Unless otherwise indicated, readings are at 8 pm at CAM Raleigh
409 W. Martin Street, Raleigh, NC 27603 | (919) 513-0946
Email firstname.lastname@example.org for more information
Sandra Beasley, Zeina Hashem Beck, Gabrielle Calvocoressi, Leila Chatti, Tyree Daye, & Dorianne Laux * this reading is on a Sunday at 4pm *
Dorianne Laux, Ben Pease, Bianca Stone, & Hillery Stone
Stuart Dischell, Rochelle Hurt, & Lauren Moseley
Frank Montesonti & Jake Syersak
J. Peter Moore & Ken Taylor
SO AND SO #105 - January 11, 2018
Rachel Allen, Lightsey Darst, and Jessica Stark
Rachel Allen was born in North Carolina and lives in New York. Her poetry and essays have been in Gramma, The Fanzine, Full Stop, and Best American Experimental Writing 2018. She has also written for Guernica, where she is an editor.
Lightsey Darst is author of Thousands, Find the Girl, and DANCE, all from Coffee House Press. Her awards include an NEA Fellowship for Literature and a Minnesota Book Award. She is a co-founder of Durham Independent Dance Artists (DIDA).
SO AND SO #106 - March 25, 2018
Sandra Beasley, Zeina Hashem Beck, Gabrielle Calvocoressi, Leila Chatti, Tyree Daye, and Dorianne Laux
Sandra Beasley is the author of Count the Waves; I Was the Jukebox, winner of the Barnard Women Poets Prize; Theories of Falling, winner of the New Issues Poetry Prize; and Don’t Kill the Birthday Girl: Tales from an Allergic Life, a memoir. She lives in Washington, D.C., and teaches with the University of Tampa low-residency MFA program.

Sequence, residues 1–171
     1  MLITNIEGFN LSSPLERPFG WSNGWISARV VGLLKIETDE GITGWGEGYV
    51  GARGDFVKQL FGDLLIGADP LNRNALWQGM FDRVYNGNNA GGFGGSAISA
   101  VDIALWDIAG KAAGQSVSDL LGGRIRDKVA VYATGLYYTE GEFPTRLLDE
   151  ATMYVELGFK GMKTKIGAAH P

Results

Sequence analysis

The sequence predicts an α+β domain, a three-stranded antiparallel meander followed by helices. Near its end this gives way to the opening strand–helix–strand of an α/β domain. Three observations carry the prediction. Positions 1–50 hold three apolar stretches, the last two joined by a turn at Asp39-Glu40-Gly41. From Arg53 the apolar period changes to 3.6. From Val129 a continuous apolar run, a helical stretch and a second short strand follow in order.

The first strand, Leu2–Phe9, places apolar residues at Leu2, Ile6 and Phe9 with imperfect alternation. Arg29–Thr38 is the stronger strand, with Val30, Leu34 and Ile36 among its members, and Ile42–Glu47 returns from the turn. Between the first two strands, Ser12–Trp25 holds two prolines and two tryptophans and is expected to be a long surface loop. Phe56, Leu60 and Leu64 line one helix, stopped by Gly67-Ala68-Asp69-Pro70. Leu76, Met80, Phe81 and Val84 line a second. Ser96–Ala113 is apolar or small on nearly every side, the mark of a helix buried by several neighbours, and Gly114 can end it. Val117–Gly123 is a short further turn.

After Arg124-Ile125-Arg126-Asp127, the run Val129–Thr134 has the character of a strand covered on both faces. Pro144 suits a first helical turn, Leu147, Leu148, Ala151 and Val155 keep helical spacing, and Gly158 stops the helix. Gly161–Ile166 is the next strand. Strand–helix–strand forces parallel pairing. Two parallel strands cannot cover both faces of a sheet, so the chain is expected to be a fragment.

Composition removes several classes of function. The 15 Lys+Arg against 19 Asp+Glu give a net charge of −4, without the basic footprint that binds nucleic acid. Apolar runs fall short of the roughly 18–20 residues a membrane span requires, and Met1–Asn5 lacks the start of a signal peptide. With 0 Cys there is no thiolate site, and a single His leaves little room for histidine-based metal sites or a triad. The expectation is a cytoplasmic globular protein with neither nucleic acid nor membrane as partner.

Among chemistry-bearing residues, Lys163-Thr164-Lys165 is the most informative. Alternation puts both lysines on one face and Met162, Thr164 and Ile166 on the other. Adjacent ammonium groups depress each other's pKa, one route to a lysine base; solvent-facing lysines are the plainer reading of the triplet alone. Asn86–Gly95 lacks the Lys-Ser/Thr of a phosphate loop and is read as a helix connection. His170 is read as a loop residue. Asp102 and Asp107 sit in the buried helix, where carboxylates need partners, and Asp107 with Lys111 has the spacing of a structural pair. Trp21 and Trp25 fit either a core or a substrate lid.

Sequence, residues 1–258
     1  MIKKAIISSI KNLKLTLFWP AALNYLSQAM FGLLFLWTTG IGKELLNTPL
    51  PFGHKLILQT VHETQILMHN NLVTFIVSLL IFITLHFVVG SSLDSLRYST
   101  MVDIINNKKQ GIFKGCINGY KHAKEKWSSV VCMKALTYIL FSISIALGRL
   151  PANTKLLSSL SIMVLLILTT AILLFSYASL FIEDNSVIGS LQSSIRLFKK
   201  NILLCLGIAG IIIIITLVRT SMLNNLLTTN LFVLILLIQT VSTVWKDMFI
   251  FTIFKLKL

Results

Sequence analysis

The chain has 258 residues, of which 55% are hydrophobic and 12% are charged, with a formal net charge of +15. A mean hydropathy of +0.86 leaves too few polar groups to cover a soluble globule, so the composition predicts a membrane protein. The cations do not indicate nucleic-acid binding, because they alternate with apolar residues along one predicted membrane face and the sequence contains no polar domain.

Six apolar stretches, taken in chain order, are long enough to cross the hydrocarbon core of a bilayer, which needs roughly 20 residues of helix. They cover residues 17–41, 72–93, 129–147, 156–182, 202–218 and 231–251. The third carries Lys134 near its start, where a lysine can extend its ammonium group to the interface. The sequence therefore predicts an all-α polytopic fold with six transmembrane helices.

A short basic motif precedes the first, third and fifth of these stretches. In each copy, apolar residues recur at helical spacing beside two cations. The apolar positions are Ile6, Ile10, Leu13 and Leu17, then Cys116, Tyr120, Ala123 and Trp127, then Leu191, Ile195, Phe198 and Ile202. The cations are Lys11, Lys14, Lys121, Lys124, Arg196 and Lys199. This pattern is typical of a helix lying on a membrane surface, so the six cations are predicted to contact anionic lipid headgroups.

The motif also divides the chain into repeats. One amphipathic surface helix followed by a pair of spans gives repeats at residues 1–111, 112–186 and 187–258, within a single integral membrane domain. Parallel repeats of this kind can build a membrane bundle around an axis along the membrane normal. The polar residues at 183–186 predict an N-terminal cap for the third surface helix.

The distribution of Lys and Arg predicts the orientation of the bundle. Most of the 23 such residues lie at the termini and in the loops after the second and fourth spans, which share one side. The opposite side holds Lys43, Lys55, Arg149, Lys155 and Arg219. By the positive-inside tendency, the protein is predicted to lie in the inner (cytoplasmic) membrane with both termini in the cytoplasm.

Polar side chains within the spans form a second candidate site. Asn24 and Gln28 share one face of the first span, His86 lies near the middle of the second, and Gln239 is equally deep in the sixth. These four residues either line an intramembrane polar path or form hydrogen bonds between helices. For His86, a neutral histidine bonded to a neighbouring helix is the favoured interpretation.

Zeina Hashem Beck is a Lebanese poet. Her second full-length collection, Louder than Hearts, won the 2016 May Sarton New Hampshire Poetry Prize. She’s also the author of two chapbooks:
3arabi Song, winner of the 2016 Rattle Chapbook Prize, and There Was and How Much There Was, a smith|doortop Laureate’s Choice, selected by Carol Ann Duffy. Her first book, To Live in
Autumn, won the 2013 Backwaters Prize. Her work has won Best of the Net, has been nominated for the Pushcart and the Forward Prize, and has appeared in Ploughshares, Poetry, the Academy of American Poets’ Poem-a- Day, and World Literature Today, among others. Her poem, “Maqam,” won Poetry Magazine’s 2017 Frederick Bock Prize.
Jessica Stark is a doctoral candidate at Duke in English, writing on the intersections between American poetry and comic books. Her chapbook manuscript, The Liminal Parade, won Heavy Feather's Double Take Poetry Prize in 2016. Her poetry and/or illustrations have appeared in Lute & Drum, Tethered by Letters, Tipton Poetry Journal, Potluck, and others. She writes an ongoing poetry zine called INNANET: love poems for the Internet.